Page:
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Dental Health Tracking Tips in Wantirna South

Mother and daughter in gowns brushes teeth. August is upon us again, and with it comes Australian Dental Health Week (5th-11th).

The first full week of August is the week the Australian Dental Association has designated for widening the discussion of oral health in Australia.

This year the theme is a question – “How’s Your Oral Health Tracking?” This question has two aspects to it.

First, it is asking, are you currently doing all you know to maintain your oral health? Second, how are you monitoring your oral hygiene?

At Dr Sachdeva’s dental clinic, we like both questions, because if you can answer them correctly, it likely means you are on top of your oral hygiene!

But staying on top of and tracking oral hygiene is particularly tricky in two age groups – children and seniors.

Both youngsters and seniors would seem to have time to keep track of their oral hygiene, but they also have some characteristics that make this monitoring more difficult.

Let’s take a look at what those issues are, and what can be done to ensure that young and old, alike, are on track for oral health!

Dental Health Week and Children

Children, while lovely, can be disorganised and spontaneous, two traits that aren’t always compatible with great oral health.

And children depend on us to introduce them to ideas and techniques of things like oral hygiene.

This is why it’s great that Dental Health Week is such an excellent time to introduce your children to the importance of dental health!

Search the web to see if there are any Dental Health Week events being held in your neighbourhood.

Or, take advantage of the ADA’s Dental Health Week website and download an informative, colourful, and printable posters with messages for children.

Two posters focus on the dangers of sugary and acidic drinks like soda pop, a real problem as 73% of young Australians (14-18 years) regularly consume too much sugar!

The information also contains helpful hints for parents:

  1. Begin oral hygiene by brushing the gums, even before teeth are present
  2. Don’t swallow excess toothpaste or rinse your mouth with water
  3. Control toothpaste amount – a ‘pea-sized’ dollop is all you need.
  4. Make brushing into entertainment with a song or relevant smartphone app.
  5. Visit Dr Sachdeva’s dental clinic before the first birthday or when the first tooth erupts.
  6. At the dentist, always stay positive, praising their listening skills and how they follow instructions.

But the main thing to focus on during Dental Health Week is encouraging your children to develop good oral habits and track them.

One way to do this is to explicitly track their oral hygiene with a chart or stars, and reward them when goals are met.

Keeping seniors on track

Seniors often know what they should be doing; it just becomes more difficult to do it. And good oral hygiene is critical as we age.

According to Elderly Dental, sufferers of gum disease are doubly likely to develop cardiac disease or have a stroke.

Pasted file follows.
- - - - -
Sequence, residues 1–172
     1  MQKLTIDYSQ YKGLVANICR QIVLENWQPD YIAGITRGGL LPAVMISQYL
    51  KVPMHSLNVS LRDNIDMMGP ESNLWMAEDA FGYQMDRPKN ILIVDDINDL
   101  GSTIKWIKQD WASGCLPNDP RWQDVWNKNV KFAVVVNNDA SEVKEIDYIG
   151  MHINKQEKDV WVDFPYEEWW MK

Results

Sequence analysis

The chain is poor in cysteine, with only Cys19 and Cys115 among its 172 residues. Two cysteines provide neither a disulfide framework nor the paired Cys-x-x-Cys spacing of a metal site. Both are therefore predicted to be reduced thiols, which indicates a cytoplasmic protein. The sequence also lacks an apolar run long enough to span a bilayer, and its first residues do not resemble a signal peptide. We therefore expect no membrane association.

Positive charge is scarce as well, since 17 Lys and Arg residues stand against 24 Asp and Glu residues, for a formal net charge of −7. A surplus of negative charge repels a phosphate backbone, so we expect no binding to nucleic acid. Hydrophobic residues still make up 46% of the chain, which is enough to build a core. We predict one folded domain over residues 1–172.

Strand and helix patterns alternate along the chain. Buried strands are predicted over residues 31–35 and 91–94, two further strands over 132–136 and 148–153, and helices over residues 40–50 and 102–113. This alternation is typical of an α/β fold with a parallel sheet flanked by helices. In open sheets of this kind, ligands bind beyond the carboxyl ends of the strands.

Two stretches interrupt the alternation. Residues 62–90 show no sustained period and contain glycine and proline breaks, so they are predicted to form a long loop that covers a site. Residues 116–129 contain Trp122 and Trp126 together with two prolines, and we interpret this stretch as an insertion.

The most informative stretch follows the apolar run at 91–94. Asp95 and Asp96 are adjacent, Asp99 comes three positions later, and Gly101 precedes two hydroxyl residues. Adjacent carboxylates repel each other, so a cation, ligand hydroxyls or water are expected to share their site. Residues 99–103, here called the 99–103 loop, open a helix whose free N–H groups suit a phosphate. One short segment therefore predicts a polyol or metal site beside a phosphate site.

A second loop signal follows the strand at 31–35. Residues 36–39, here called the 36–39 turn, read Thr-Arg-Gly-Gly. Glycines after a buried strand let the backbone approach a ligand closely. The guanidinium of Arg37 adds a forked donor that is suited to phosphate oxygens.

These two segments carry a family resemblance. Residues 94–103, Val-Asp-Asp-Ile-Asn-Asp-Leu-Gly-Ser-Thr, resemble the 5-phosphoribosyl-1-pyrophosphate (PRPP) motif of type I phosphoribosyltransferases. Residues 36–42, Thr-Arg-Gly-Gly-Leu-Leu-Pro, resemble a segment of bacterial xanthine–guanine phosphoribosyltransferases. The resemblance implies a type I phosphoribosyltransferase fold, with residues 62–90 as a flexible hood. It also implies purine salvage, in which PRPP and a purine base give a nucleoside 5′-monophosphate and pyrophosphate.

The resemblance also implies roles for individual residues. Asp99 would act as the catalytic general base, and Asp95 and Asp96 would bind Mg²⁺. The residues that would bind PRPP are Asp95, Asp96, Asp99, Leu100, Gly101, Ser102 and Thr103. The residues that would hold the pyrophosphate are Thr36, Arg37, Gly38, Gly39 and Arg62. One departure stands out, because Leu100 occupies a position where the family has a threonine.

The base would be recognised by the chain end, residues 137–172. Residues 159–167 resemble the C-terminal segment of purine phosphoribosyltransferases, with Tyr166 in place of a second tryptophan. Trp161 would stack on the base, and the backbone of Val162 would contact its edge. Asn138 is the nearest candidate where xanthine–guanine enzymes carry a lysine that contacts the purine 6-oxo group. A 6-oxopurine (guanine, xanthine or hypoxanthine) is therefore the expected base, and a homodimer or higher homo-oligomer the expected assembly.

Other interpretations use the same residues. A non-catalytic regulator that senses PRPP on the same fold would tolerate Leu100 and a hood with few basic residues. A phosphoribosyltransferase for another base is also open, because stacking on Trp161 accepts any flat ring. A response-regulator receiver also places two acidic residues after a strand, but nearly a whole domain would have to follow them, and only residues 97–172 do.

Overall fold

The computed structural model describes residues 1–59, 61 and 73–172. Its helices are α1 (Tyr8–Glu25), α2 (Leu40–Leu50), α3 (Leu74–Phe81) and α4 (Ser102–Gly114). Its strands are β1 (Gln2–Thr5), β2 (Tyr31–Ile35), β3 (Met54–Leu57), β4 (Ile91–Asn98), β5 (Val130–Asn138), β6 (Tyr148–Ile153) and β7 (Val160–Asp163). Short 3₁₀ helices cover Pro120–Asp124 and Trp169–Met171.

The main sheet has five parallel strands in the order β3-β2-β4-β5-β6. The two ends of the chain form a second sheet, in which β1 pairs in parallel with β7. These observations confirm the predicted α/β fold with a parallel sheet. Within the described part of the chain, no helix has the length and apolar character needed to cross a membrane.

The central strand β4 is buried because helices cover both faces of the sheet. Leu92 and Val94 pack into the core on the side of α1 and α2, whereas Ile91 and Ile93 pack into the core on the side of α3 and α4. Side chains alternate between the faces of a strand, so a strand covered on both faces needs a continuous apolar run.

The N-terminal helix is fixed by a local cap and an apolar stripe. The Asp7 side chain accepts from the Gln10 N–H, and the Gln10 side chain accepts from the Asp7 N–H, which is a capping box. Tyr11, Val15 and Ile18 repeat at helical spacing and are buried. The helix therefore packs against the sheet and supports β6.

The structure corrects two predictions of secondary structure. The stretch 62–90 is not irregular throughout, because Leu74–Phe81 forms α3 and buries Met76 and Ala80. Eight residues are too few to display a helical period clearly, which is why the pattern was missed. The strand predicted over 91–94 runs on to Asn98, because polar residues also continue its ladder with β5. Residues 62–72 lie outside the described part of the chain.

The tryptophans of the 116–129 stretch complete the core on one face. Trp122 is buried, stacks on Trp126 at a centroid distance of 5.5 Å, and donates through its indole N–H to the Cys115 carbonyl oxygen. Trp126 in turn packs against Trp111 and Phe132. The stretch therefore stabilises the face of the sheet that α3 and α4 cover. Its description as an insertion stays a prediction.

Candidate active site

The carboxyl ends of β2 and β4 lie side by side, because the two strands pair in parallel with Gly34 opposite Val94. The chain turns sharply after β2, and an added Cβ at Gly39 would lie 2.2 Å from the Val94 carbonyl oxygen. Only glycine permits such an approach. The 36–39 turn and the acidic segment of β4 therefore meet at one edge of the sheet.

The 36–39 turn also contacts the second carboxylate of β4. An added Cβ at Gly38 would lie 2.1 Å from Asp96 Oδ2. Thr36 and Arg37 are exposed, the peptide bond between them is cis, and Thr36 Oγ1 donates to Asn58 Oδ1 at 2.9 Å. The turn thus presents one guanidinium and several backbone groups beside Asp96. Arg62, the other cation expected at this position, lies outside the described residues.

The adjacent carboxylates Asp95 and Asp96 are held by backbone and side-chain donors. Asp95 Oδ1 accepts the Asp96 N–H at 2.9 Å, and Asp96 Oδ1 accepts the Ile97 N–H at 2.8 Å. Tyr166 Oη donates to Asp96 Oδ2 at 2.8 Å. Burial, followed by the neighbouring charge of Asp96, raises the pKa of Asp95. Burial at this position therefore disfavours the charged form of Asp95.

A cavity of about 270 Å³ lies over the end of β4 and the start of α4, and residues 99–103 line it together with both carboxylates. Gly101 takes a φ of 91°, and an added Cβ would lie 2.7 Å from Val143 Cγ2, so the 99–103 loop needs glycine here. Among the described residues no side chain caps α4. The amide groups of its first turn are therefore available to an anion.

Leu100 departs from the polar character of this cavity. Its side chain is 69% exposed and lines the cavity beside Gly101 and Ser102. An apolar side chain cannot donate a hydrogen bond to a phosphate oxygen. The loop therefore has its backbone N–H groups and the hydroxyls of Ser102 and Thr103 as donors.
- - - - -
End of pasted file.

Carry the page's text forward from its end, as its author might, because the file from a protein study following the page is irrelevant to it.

Bacterial buildup in the mouth is another issue, as it is linked to pneumonia and diabetes. These are diseases of great concern to seniors.

The point is that problems that arise as minor issues in the mouth can quickly escalate to general-health issues, even potentially lethal ones.

And these threats are made worse by a web of underlying issues that accompany aging. Dr Sachdeva’s dental clinic breaks these into two categories:

Decreased oral hygiene. As we age, we may lose manual dexterity, which reduces how efficient our brushing and flossing are.

We may also have reduced access to transportation, which makes it more challenging to reach the dental office.

Finally, incomes and dental insurance may decrease, making it more difficult to afford required dental service.

The result of all this is that oral hygiene and care can be less effective as we age.

Memory. Memory issues associated with aging can make it harder to keep track of oral hygiene. In this case, a family member or caregiver may be called on to keep track of oral health.

For children and seniors, ‘tracking’ dental health is a key part of keeping it. If you have any questions, Dr Sachdeva’s dental clinic is happy to help you “Get on Track”!

Convenient, Competent Care at Dr Sachdeva’s dental clinic

Dr Sachdeva’s dental clinic is located near Burwood Highway, on Stud Road in Wantirna South. We offer free and convenient parking and are on public transport lines.

Dr Sachdeva’s dental clinic offers early evening and weekend hours, emergency treatment, and we can be contacted by phone or on our convenient online contact form.

If you want a dental surgery at which the dentist takes time to determine precisely what your concerns are, what your desires are, and then makes decisions based on what you indicate? Then our office is right for you.

Our technology is unsurpassed including “One-stop” Cerec restoration and SNAP Dental Imaging Software. Our training is also top-notch.

Wantirna South dentist also serving local communities in Knox City, Boronia, Bayswater, Scoresby, Rowville, Ferntree Gully, Vermont, Vermont South, Burwood, Burwood East, Ringwood, Ringwood East and Wantirna.

Call us on (03) 9800 2338 or book your appointment online.

We are located at 287 Stud Road in Wantirna South.

Elite Smiles Wantirna South Dentist

At Elite Smiles Wantirna, we are dedicated to help you and your family in maintaining your overall dental health and improve the quality of your life. Our dental clinic has been around for 32 years, serving patients from Wantirna South, Burwood, East Ringwood, Knox City, Boronia, Bayswater, Rowville, Ferntree Gully, and Scoresby.

Have a question?

(03) 9800 2338

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287 Stud Road Wantirna South VIC 3152
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